“We’re done being in the middle of the herd on this issue—we’ve decided to use our size and scale to make a difference,” said Jeff Bezos, Amazon founder and CEO. “If a company with as much physical infrastructure as Amazon—which delivers more than 10 billion items a year—can meet the Paris Agreement 10 years early, then any company can.”

The pressure on Amazon is not only external. A group called Amazon Employees for Climate Justice has called for the company to commit to zero carbon emissions by 2030, 10 years sooner than the goal the company unveiled this week. About 1,500 Amazon employees are expected to participate in today’s student-led global climate strike.

Amazon has also created a Sustainability web site to document its progress.

Dominion Goes Offshore

Dominion’s wind power announcement came just days after Gov. Ralph Northam issued an executive order calling on state agencies to develop a plan for Virginia to produce 30 percent of its electricity from renewable sources by 2030 and to be fully carbon-free by 2050.

“Offshore wind is an excellent renewable energy source and this filing with PJM shows how serious we are about bringing commercial-scale offshore wind to Virginia, giving our customers what they have asked for – more renewable energy,” said Mark D. Mitchell, vice president of generation construction at Dominion, in a news release. “Governor Ralph Northam has made it clear Virginia is committed to leading the way in offshore wind. We are rising to this challenge with this 2,600-megawatt commercial offshore wind development.”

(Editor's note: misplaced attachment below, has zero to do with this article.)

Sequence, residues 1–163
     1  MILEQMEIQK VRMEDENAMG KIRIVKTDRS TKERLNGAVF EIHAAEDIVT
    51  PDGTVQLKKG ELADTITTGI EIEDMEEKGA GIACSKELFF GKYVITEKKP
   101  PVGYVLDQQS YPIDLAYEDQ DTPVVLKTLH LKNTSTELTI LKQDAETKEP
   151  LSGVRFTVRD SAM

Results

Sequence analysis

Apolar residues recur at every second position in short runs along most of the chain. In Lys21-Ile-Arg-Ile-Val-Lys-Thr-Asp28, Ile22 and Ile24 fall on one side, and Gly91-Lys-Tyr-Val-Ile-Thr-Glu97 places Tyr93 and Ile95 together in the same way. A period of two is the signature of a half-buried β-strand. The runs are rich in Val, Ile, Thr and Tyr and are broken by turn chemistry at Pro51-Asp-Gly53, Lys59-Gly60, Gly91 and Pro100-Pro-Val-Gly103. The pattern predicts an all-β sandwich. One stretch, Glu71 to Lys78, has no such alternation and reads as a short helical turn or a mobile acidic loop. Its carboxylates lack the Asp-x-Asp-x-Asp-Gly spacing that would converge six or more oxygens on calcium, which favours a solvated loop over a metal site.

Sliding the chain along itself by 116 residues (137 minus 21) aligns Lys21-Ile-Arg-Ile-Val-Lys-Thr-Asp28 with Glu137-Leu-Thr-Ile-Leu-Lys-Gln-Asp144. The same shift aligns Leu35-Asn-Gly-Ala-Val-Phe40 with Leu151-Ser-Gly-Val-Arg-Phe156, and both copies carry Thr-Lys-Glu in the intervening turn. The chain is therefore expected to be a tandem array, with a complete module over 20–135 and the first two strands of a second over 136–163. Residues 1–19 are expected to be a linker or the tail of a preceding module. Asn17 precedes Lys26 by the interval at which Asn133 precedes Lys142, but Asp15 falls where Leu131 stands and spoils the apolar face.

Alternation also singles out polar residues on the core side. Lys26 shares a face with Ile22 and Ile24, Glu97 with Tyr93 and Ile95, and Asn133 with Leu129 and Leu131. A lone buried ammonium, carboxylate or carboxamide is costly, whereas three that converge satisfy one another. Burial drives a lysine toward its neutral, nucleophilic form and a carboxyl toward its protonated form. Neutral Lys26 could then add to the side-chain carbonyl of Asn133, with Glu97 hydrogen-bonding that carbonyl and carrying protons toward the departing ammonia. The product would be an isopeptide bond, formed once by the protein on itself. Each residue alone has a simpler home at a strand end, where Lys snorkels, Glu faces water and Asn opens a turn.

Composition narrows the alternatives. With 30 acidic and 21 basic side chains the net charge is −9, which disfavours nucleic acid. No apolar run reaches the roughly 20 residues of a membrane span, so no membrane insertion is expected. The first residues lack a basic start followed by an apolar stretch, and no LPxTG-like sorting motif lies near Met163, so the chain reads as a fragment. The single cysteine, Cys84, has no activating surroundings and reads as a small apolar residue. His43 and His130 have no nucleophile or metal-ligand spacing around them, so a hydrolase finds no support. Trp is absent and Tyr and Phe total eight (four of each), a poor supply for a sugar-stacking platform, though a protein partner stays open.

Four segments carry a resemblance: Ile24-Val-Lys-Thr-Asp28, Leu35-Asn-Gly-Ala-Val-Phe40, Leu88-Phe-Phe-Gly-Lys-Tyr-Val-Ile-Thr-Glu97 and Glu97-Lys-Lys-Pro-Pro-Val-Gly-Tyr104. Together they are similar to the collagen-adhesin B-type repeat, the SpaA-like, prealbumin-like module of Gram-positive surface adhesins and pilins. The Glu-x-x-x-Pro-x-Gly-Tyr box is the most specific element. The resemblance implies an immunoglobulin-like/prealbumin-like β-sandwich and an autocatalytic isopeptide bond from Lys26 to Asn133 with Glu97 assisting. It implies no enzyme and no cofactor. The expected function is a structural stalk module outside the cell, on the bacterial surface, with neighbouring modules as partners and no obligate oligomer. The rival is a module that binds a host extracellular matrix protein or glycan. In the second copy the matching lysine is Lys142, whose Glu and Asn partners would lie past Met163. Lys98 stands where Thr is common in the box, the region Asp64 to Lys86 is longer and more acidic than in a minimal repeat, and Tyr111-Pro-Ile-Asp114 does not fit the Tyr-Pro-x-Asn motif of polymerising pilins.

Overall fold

If approved, the project would be located in the 112,800 acres Dominion Energy currently is leasing from the Bureau of Ocean Energy Management 27 miles off the coast of Virginia Beach. Following the key filing with PJM, ocean survey work is expected to begin in 2020 and a Construction and Operations Plan will be submitted in 2022. Dominion Energy plans to move forward with its commercial offshore wind project in three phases, each totaling 880 megawatts.

Northern Virginia accounted for 55 percent of all new data center space in 2018, with more than 270 megawatts of capacity leased. Meanwhile, Dominion Energy sources just 5 percent of its electricity from renewable sources, with most of its energy coming from nuclear power (33.8%), natural gas (33.6%) and coal (26.5%).

Greenpeace says Dominion’s renewable generation trails demand, serving as a major barrier to creating a “clean cloud” supported by renewable energy. Dominion said it is working to balance its energy mix. but the process takes time.

“A vast number of the world’s data centers reside in our service area, and it is our responsibility to not only provide them with reliable energy, but to help them meet their renewable energy goals,” said Keith Windle, vice president of Business Development for Dominion. “Our strategy for the future is on balancing our portfolio to meet our customers’ future energy needs in the most reliable, affordable and environmentally sustainable manner possible.”

About the Author

Rich Miller

I write about the places where the Internet lives, telling the story of data centers and the people who build them. I founded Data Center Knowledge, the data center industry's leading news site. Now I'm exploring the future of cloud computing at Data Center Frontier.